Wednesday night at The Bitter End in the West Village started with the understated majesty of New York/Philadelphia quartet Second Child (pictured). Playing warm, folk-inflected songs that found notable beauty with the harmonizing of lead singer Alex DeSimine and bassist Alex Tremitiere, the band subtly moved the listener but didn't forget to straight-up thrill; their funked-up cover of David Bowie's "Fame" enlivened the previously focused crowd, several hoots and shouts flying out. While Dirty Projectors are probably more similar to them, it's exciting to see that Second Child can get loose like The Thin White Duke did on some of his earlier tracks. At Le Poisson Rouge, Oakland/Chicago rocker Ezra Furman finished his set with a gloriously riotous rendition of Arcade Fire's "Crown of Love," the gradual nature of that 'Funeral' standout reverting into sax-backed wildness and the green-haired Furman's lightning-quick guitar picks. Back at the End, New York four-piece The Grasping Straws drifted into slow, drum-marched songs that, particularly with frontwoman Mallory Feuer's drawn-out and bluesy vocals, recalled the lo-fi glory of early Cat Power. Taking their time rather than rushing towards easy shock, these tracks intrigued with their very patience and calm and, perhaps most importantly, were ultimately moving, their tumbling quality enabling the audience to both engage and reflect. Down on the Lower East Side, Brooklyn's French Horn Rebellion sent the evening out with feel-good dance tracks full of both jittering electronics and rubbery horns. Brothers Robert Perlick-Molinari and David Perlick-Molinari wore matching Glasslands T-shirts and, with their hip sways and head bobs, they seemed to throw a party not just for that lost venue but for the institution of live music itself. - Zach Weg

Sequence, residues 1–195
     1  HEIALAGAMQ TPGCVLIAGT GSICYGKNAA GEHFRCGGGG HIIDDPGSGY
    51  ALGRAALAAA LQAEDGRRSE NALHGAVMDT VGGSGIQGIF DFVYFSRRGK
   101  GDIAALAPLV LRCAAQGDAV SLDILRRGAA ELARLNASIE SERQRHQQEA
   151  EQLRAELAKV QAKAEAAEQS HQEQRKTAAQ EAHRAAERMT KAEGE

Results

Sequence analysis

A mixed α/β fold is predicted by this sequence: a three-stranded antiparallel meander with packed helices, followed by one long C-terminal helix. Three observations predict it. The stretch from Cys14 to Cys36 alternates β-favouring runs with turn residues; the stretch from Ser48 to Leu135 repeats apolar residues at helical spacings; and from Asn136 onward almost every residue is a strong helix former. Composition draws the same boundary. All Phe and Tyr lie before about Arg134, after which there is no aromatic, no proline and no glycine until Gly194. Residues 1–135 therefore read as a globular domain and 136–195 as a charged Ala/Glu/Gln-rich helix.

Isabel's CMJ Day 2: Mackenzie Shivers, Lance Breakfast, Kenyon Phillips & The Ladies in Waiting, and Cardiknox

My second night of CMJ started at DROM in the East Village. The lineup consisted it three NYC-based artists: Mackenzie Shivers, Lance Breakfast, and Kenyon Phillips & The Ladies in Waiting. Shivers started the night at the piano. Her music can be classified as folk pop, but listening closely, both country and celtic influences animate her melodies. During her track, “Fourth of July,” Shivers' voice, harmonizing with another singer, swamped the venue in a sound that was emotional and authentically beautiful. She was also the pianist for the next two acts: Lance Breakfast stepped onto the stage wearing an NYU t-shirt and strumming on a baby blue guitar - or was that an electric Ukulele? Breakfast’s music floated between genres. His voice, gruff and weighty, suggested folk, but his band's instrumentation, which was clear, organized, and hard-hitting, leaned towards rock n’ roll and blues. Although most of his tracks were consistently up-tempo, I appreciated Breakfast’s slower, quieter, moments. It was only then I could hear his lyrics. Progressing through the night, each act amped up the volume and tempo. So, by the time Kenyon Phillips & The Ladies in Waiting hit the stage, the audience was ready for some punch. Phillips commanded the stage with wide-eyed theatricalism; while watching him sing track “Born to Be Famous” I couldn't help but think that he made a good case for it. Towards the end the night, I headed west to The Studio at Webster Hall. Up next was Cardiknox, (pictured, who recently moved from NYC to LA) and it was the most fun set of the night. Lead singer, Lonnie Angle, bounced around the stage, and her performance energized me and the audience. Angle’s singing is ethereal and amplified by backup vocals, but there is nothing dreamy about Cardiknox. Almost midnight, Angle yelled into the microphone, “Let’s keep fucking doing this.” Their synth-driven anthems were so energetic and empowering, no one at Webster Hall was wishing they were asleep. - Isabel Rolston